The full spectrum | Georgina Portelli

TEODOR RELJIC speaks to Dr Georgina Portelli, a curator within the creative committee of Malta International Contemporary Arts Space (MICAS), ahead of its next event, the immersive and all ages light-and-colour spectacle, the Shadow Colour Pavilion

The MICAS neighbourhood community and outreach initiative in November 2019, with San Gorg Preca College (Valletta Primary and Floriana Primary) and St Albert the Great College
The MICAS neighbourhood community and outreach initiative in November 2019, with San Gorg Preca College (Valletta Primary and Floriana Primary) and St Albert the Great College

Could you tell us a little bit about the parameters of this project, and what makes it so crucial to the large-scale work in progress effort that is MICAS in a more general sense?

MICAS’ mission is to champion contemporary art by raising public awareness about the significance of the visual arts in contemporary life, and by bringing to the forefront the way art can help mediate and interpret the world we live in. MICAS is currently developing the community engagement and education strand of its programme. The Shadow Colour Pavilion at St George’s Square in Valletta will be its first rollout for this year. The preliminary part of the project – the schools-oriented MICAS Art Labs – was held last November.

The project as a whole ticks a good number of boxes. It focuses on inclusive community engagement with our neighbourhood schools and the cross-sectoral dialogue between Science and Art. It encourages proactive public participation through creative expression in the heart of the city.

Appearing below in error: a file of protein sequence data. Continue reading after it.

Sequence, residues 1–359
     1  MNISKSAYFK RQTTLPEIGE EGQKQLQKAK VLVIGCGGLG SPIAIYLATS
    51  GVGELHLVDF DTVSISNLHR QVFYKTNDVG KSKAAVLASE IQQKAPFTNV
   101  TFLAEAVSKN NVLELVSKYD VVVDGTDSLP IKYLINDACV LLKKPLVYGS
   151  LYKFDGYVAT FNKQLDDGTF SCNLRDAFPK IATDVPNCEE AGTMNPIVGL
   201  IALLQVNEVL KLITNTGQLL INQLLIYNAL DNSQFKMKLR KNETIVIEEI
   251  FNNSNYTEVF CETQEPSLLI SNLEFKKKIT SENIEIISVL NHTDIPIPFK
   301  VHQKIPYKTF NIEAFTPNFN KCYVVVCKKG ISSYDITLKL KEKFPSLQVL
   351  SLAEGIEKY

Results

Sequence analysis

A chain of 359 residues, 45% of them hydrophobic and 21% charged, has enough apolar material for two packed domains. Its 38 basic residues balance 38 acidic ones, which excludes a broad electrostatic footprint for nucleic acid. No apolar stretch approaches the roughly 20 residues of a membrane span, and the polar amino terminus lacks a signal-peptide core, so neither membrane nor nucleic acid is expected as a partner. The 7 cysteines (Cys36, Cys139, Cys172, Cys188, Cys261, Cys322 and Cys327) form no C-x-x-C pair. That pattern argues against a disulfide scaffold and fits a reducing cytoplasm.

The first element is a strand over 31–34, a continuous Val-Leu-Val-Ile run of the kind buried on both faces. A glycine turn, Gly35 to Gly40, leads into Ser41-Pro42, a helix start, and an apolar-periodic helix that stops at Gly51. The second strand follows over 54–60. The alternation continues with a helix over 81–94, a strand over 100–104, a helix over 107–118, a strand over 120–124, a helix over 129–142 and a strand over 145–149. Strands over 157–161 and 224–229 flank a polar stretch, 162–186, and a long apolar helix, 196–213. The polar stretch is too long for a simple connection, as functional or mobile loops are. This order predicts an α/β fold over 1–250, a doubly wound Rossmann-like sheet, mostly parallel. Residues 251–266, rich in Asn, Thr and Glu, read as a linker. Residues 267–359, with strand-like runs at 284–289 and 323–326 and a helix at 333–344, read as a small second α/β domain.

We are also investing in the development of strategic partnerships with other sectors and organisations as MICAS establishes itself in the cultural ecology both at a local and international level. Our collaborators this time around are Esplora Interactive Science Centre and the Valletta Cultural Agency.

Georgina Portelli, Curator, MICAS Creative Committee
Georgina Portelli, Curator, MICAS Creative Committee

The Art Labs involving young students from local schools appear to have been a crucial element of the Shadow Colour Pavilion. What led to their inclusion and how would you say they contributed to the overall work?

Establishing and forging links with the people who make up our neighbourhood communities is imperative to the MICAS project. The neighbourhood in its tangible proximity matters. We cannot view it simply as homogenous abstraction but have to recognise and respect its diversity. Guided by MICAS’ remit to foster creativity and inclusion, we approached neighbourhood schools to be our partners for the initial part of the project – The MICAS Art Labs. Consultation discussions were held with the schools to ensure this programme catered to the school educator and student community needs; this complemented both the art and science curriculum while still respecting the school community para-

Following the direction of this constructive conversation with our neighbourhood educators, the Art Labs activities were designed in conjunction with the Esplora Interactive Science Centre team. This process was led by Programme Development Lead, Elaine Manicaro and Education Programme Developer, Sarah Galea. Over 400 students attending San Ġorg Preca College (Valletta Primary and Floriana Primary) and St Albert the Great College, participated in the Art Labs workshops.

The workshops facilitated by MICAS and Esplora communicators, offered a series of hands on activities that introduced early and middle school students to light and colour perception, colour theory, colour spectrums, shadows and additive and subtractive coloured light mixing. This introduction to scientific principles relevant to art was negotiated through creative exploration and expression. Students enthusiastically participated in the research process, as creatives not passive recipients actively taking over the process.

The Art Labs were crucial to the development of the Shadow Colour Pavilion concept. These workshops were hosted in early November 2019 at the Magazino Hall (Valletta Waterfront). MICAS is strongly committed to keeping the conversation going with its neighbourhood school communities as its valued partners.